Understanding The Different Types Of Autism Spectrum Disorder In Children

Autism written using blocks

Autism spectrum disorder (ASD) is an umbrella term that defines a range of neurodevelopmental disorders. These issues can develop at any age but are more prevalent in children. ASD causes behavioral, social, and communication-related issues, which may delay their development.

It is estimated that around 18.5% of every 1,000 children born in the US have some form of ASD, and these children need additional help during their schooling and growth to make sure they don’t stay behind. Moreover, untreated or undiagnosed ADS can make it difficult for children to become functional adults in society. Take a look at the 5 different types of autism disorders in children.

Rett Syndrome

Rett Syndrome is a rare neurodevelopmental disorder more common in girls, and this disorder develops during infancy. Rett Syndrome causes loss of standard coordination and movement in children, breathing difficulties in some cases, and communication challenges. The good thing about this issue is that, with proper care, the child can enjoy a normal life because this syndrome doesn’t cause excessive developmental issues. 

Asperger’s Syndrome

Asperger’s Syndrome, or level 1 autism disorder, is a type of high-functioning ASD that leads to above-average intelligence in children but causes communication and behavioral issues. These children have inflexibility in thought and behaviors, can’t multitask, and have trouble expressing their feelings.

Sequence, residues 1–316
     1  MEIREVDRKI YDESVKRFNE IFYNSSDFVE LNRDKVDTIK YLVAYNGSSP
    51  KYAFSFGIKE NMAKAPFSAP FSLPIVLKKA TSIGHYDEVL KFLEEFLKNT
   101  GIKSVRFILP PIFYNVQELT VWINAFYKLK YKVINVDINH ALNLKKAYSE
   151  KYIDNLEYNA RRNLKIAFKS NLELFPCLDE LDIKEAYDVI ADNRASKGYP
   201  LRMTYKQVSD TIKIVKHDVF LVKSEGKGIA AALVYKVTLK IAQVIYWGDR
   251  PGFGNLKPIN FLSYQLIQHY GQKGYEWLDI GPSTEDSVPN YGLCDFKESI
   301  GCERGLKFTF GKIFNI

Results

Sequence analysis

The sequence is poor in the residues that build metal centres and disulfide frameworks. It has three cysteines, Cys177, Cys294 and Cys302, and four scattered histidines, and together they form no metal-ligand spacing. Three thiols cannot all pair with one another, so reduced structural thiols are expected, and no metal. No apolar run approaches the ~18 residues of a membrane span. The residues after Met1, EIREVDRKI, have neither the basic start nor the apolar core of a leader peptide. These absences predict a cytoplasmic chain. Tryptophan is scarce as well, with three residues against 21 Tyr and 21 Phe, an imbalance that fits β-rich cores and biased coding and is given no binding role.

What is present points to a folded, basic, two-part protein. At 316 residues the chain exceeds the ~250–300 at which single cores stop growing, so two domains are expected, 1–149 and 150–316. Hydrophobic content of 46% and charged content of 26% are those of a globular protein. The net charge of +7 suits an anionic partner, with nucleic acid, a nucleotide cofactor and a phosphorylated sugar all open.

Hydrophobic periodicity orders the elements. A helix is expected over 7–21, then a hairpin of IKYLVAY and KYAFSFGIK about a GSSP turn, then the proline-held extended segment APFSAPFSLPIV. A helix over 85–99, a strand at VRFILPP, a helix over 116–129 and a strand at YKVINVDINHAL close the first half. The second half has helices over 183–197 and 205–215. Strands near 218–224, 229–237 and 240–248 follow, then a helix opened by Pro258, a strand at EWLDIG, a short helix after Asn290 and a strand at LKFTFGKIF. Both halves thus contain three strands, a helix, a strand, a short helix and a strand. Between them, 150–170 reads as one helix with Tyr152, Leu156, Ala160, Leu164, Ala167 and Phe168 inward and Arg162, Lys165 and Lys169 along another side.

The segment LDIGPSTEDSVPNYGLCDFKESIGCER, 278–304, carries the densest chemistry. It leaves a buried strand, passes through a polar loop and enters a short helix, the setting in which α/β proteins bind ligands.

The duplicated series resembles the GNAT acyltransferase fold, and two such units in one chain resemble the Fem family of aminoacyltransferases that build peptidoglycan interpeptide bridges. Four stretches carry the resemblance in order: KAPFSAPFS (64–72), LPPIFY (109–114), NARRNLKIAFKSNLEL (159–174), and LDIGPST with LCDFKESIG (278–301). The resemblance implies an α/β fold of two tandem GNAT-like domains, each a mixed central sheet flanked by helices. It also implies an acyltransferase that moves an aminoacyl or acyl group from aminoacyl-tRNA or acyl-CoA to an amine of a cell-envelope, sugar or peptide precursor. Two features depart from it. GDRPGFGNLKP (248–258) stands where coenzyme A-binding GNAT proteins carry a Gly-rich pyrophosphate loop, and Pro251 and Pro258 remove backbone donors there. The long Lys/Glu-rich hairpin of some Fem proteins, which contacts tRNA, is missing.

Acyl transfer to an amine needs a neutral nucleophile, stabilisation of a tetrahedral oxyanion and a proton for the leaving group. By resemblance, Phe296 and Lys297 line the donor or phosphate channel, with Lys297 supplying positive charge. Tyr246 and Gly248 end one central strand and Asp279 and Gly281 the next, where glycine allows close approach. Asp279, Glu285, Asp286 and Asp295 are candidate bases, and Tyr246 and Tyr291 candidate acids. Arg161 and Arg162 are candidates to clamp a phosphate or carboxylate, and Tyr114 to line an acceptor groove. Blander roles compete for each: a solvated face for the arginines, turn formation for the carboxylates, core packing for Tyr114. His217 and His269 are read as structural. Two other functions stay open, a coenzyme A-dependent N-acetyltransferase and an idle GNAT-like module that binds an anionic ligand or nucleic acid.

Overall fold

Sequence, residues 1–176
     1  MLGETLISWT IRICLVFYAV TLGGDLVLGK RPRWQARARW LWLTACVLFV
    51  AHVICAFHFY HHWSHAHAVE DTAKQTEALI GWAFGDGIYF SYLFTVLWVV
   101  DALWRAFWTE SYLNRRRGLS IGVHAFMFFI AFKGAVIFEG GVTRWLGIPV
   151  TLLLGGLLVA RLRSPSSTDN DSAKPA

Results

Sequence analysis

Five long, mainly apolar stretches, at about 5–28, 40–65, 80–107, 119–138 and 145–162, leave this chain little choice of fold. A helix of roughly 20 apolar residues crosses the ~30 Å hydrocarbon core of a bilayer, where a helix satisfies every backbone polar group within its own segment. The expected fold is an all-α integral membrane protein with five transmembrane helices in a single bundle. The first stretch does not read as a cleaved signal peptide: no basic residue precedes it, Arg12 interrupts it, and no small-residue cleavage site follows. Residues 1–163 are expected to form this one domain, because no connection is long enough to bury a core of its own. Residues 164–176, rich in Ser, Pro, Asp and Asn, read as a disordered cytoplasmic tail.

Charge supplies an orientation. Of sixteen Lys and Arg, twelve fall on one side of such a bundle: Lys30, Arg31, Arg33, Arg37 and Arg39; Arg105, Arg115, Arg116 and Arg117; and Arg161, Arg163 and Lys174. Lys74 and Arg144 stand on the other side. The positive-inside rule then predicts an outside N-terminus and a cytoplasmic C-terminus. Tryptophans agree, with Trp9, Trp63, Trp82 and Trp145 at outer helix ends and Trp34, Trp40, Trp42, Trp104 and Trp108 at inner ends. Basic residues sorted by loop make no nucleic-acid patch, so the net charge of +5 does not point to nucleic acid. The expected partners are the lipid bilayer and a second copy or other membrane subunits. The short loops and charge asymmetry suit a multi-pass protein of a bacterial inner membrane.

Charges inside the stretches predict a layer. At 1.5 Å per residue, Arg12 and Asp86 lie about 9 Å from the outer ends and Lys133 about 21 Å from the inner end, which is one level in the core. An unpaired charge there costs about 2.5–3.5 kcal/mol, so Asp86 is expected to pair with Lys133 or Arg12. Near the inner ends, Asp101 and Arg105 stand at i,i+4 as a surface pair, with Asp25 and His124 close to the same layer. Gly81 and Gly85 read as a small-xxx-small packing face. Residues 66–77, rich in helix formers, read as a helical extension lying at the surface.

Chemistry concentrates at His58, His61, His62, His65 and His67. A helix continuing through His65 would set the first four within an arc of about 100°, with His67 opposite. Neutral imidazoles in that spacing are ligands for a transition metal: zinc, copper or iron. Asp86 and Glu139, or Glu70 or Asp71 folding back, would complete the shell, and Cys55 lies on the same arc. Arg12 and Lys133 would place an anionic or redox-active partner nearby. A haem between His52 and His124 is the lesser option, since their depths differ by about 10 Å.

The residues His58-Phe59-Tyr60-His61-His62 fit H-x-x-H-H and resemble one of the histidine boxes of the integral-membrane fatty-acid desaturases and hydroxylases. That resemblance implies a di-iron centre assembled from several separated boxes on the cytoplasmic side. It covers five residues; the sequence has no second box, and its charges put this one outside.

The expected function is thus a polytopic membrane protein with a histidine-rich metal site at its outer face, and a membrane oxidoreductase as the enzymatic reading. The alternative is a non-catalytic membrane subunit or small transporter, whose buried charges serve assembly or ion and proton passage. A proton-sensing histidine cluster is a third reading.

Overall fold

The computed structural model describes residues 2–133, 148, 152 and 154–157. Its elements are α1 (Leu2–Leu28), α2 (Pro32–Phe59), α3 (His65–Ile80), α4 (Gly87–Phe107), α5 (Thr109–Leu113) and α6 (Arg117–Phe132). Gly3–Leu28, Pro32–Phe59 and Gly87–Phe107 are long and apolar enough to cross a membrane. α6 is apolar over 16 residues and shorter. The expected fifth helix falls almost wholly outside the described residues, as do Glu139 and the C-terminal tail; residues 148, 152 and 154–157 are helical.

Some common symptoms of this syndrome are having trouble making eye contact, the constant repetition of sentences in a single conversation, and having trouble adapting to change. 

A kid wearing headphones

Childhood Disintegrative Disorder (CDD)

Child Disintegrative Disorder causes delayed developmental issues in motor skills, language development, and social skills. This disorder is more common in boys and usually develops after age 3 or 4. CDD is harder to diagnose because children grow and develop normally in the first few years of their lives. With CDD, children can forget any learned skills, such as eating and using the toilet, forget learned vocabulary, and lose motor skills. 

Pervasive Development Disorder (PDD)

PDD is a mild form of autism disorder that leads to social and language development issues. A child may be slow in learning how to talk, walk, and develop other motor skills. Another issue with PDD is that parents might not notice it at an early age and chalk it up to delayed development. However, untreated PDD can regress and lead to more developmental issues as the child grows. 

Kanner’s Syndrome

Also known as the ‘Classic Autism Disorder,’ Kenner’s Syndrome causes communication and interaction issues among children, unformed or uncontrolled speech issues, and an obsession with handling objects. However, a major characteristic of this ASD is the lack of emotional attachment to others. This makes it difficult for children to develop meaningful relationships. 

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